In my mind, horse racing has always been a sport that anyone can bet on, but only rich people get excited about.
After spending this past weekend at the Meadowlands Racetrack, all the conversations I had with a variety of people and getting to watch this years Hambletonian in person my perception has changed. (at least a little)
The Hambletonian is "the Superbowl of harness racing", I was told over and over. It is the single biggest race for the sport in the United States and draws people around the globe to the racetrack on the first Saturday in August every year.
I chatted with drivers, owners and fans and all of them are passionate about the sport. They can tell you stories of their favorite races and will recite the names of horses with the same vigor that other people talk about their favorite quarterbacks or pitchers.
Riding around the track in a sulky (the harness a driver rides in behind the horse) I could see why this is a fun sport. But, most fans never get the chance to ever do that. Whenever I told someone that I not only got to ride, but was allowed to do the driving for two whole laps their eyes grew large with envy.
Race day started in the rain and numbers seemed down compared to the expectations I was told.
With only a $5 entry price it is priced so that any family can come out and enjoy a day at the track. They obviously want more families to come out as there were rides, games and a carnival like atmosphere going on along side the track.
It seemed like a miss opportunity to have all these colorful drivers and their beautiful horses there without allowing the family to have any access to them outside of a single autograph table. While we got to tour the paddock (stables on site for the horses), no one else was given this sort of access.
If more people got the exposure and education on the sport that I did over the two days I think the sport would begin to attract new fans.
You can not fully appreciate the sport through your television. While it may be a better viewing experience, feeling the energy and hearing the cheers as the horses turn the final corner is where it is at. The only way to do that is to be at the racetrack.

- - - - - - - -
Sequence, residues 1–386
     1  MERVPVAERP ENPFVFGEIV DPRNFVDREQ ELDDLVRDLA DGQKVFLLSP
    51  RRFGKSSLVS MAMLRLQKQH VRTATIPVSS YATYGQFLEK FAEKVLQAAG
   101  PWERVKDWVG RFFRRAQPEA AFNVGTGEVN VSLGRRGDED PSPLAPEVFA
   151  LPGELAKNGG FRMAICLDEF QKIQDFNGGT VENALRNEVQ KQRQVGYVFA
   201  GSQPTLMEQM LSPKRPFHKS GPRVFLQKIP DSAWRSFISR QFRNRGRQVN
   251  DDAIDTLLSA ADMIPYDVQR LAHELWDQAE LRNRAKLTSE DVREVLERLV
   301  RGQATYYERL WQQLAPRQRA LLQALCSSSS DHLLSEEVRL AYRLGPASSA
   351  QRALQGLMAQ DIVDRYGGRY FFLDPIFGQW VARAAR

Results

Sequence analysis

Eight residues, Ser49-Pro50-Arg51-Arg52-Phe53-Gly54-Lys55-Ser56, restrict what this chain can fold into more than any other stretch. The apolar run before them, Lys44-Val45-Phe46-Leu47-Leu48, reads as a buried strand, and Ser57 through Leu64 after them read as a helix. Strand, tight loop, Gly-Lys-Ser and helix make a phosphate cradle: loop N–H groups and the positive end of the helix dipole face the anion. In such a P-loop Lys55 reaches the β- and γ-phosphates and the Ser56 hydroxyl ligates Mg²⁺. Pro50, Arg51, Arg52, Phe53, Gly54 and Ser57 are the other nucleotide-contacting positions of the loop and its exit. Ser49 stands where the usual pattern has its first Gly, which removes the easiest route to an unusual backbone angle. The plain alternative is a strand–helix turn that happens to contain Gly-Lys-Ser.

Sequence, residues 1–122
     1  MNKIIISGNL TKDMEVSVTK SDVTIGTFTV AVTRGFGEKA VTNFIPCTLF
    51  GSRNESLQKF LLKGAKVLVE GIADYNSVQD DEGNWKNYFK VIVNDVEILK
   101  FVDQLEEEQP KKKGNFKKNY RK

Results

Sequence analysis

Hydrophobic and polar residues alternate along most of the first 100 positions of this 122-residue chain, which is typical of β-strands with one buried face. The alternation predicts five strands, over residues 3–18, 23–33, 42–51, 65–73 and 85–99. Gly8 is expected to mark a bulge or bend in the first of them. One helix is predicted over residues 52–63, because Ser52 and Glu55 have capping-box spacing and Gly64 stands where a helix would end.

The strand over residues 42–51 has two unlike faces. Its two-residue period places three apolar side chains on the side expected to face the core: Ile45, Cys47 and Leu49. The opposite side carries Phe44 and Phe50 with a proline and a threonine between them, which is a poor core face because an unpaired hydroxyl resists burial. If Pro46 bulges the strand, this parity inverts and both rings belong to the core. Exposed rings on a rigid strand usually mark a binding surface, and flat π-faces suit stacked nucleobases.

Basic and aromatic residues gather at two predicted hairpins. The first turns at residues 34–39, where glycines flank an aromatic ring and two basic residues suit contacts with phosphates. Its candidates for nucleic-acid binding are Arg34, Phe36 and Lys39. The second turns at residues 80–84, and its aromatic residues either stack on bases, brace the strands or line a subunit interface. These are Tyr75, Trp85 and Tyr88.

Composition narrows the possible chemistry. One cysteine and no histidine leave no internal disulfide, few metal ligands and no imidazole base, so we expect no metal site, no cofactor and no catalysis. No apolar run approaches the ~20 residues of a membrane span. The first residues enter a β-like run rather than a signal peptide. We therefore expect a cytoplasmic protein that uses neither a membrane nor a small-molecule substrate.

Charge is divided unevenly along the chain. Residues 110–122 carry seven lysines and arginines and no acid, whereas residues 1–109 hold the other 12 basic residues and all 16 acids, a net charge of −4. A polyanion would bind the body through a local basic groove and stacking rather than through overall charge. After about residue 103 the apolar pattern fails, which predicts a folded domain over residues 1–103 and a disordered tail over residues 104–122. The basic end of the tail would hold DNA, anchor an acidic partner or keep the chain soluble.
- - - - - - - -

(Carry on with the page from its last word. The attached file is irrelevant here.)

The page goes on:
For one race I stood at the finish line in the winner's circle. Behind me I could hear the roar of the crowd mingled with the cheers of owners as their horse pushed down the final stretch in the hopes of victory. The swing of emotions that happens over the course of any of the two minute races is something to behold.
I was given a mini education on how to look over a race sheet and place bets my horse(s) of choice. As with any sort of gambling, you can understand the basics rather quickly, but there is a whole line of finer points that I'm assuming take years to fully comprehend. When phrases such as "trifecta box" start getting thrown around, anyone can become confused.
Being a newbie, I was trying to soak up as much as I could from the whole experience.
You can view my photos or watch my video to see what I saw.
Many fans told me that this is a yearly outing for them. They come early to set up their tents, chairs and coolers to get their favorite spots before someone else arrives. While the grills were missing, it had a familiar feeling as a cousin to tailgating before a big game. There was music, food, drink and smiles all around.
It is going to be interesting to watch what happens to this race next year. With a major renovation happening at The Meadowlands they have the perfect opportunity to create thousands of new fans and take the entire Hambletonian experience to a new level.
Some suggestions I'd give them if they were to ask would include:
- Fully embrace social media as part of their marketing and outreach efforts. They took baby steps this year with #Hambo13 and other efforts, but now they have 52 weeks to ramp it up. Infinite possibilities in this space.
- Make the viewing experience at the track even better. If you are down at the track level you can't see most of the race, so it turns into an audio experience as you listen to hear where the horses are. I'd love to see a couple of big screens or some way to watch the race on my own device when the horses are out of my view.
- Reach out and create a younger fan base. This is the only way for any sport to have a future and I saw very few twenty or thirty somethings in the crowd.
- Horse ownership for the Angel, VC and Kickstarter crowd I believe would have immense appeal. When I learned how little it takes to invest in a horse, it even got my mind going on the possibilities.
I'm thankful that Converseon brought me down to take part in The Hambletonian. They've begun to roll the rock up the hill setting up a social media foundation for the race. Hopefully they get to push it over the top so that real momentum can begin.
It is an exciting sporting event that has tons of potential to grow and prosper.
If in under 48 hours at the track I can be converted to a fan who is cheering for them to succeed, I'm sure they can do this for others out there. I wish them the best of luck!